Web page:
A groundbreaking plan to prevent ballast water in cargo ships from contaminating California's environment likely will be delayed because there are no existing shipboard treatment systems that satisfy state regulations.
Ships take on water as ballast when they are loaded with cargo as a crucial means of stabilizing the vessel. Some or all of that water is generally discharged in the next port to rebalance the load.
In the process, invasive species from other parts of the globe get delivered to California. This causes havoc for native species, which often can't compete against the invaders. California rivers and coastlines, and the Sacramento-San Joaquin Delta in particular, are considered among the most invaded in the world.
In response, the Legislature in 1999 passed the world's toughest ballast-water regulations. An update in 2006 set treatment standards and compliance deadlines.
The first crucial deadline hits in January 2014, when existing ships with ballast capacity of 5,000 metric tons or less must meet state treatment standards for all water discharged in state boundaries. A second deadline in January 2016 affects larger ships.
But according to a report by the State Lands Commission, which enforces the law, no treatment systems available to shippers meet the state standards.
As the regulations have unfolded, required progress reports have said numerous systems have "potential" to satisfy state law.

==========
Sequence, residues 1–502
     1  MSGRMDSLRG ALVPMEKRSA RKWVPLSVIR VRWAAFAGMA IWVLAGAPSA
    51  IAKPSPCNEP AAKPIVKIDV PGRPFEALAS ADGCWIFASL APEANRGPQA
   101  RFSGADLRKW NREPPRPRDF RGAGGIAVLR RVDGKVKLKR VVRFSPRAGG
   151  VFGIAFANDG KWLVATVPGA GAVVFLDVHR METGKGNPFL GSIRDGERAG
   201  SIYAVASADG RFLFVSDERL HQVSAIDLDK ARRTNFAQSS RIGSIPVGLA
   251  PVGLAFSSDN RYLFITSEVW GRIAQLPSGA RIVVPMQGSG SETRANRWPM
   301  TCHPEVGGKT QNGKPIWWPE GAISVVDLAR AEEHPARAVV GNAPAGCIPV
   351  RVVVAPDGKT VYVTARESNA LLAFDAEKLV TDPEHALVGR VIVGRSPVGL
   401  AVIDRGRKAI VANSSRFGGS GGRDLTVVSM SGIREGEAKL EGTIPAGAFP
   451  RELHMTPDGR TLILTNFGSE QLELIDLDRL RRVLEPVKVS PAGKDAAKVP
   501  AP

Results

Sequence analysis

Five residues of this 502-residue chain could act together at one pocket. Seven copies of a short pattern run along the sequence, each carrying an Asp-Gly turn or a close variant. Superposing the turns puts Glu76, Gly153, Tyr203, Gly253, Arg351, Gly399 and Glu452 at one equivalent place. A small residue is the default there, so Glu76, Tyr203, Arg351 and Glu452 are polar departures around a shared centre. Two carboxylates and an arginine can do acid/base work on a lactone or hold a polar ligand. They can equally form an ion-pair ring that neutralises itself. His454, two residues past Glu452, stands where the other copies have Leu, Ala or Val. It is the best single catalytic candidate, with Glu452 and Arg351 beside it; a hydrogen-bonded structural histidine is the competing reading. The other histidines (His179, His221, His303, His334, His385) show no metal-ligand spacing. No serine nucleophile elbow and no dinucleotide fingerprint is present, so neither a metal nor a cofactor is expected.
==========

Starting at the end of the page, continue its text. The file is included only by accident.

The new report, which the commission will discuss Friday in Sacramento, concludes those systems didn't live up to their potential.
"The fact of the matter is, there are no technologies that exist now," said Jennifer Lucchesi, commission executive officer. "So it doesn't seem reasonable to continue with this implementation date when the technology isn't there to meet California's standards."
The commission will consider asking the Legislature to put off the deadlines. It also will consider awarding a $500,000 contract to the Delta Stewardship Council, a sister state agency, to study shore-based treatment. That could require extensive modifications at California ports.
No matter what California decides, ballast water will get treated to some degree, because all ships must comply with federal standards under similar deadlines. But these standards are less stringent.
"Our position is that the best solution is simply to align the California standard with the (federal) standard, similar to what every other coastal state and nation has done over the last year or so," said John Berge, vice president of the Pacific Merchant Shipping Association.
Andrew Cohen, marine biologist and director of the Center for Research on Aquatic Bioinvasions, favors California's rules and said the solution may be shore-based treatment. There are good reasons for stricter standards, he said, and they are not limited to invasive species problems.
"Ballast water could potentially be a place where new diseases are created and spread around the world," he said. "So the stakes are very high."
Contact The Bee's Matt Weiser at (916) 321-1264. Follow him on Twitter @matt_weiser.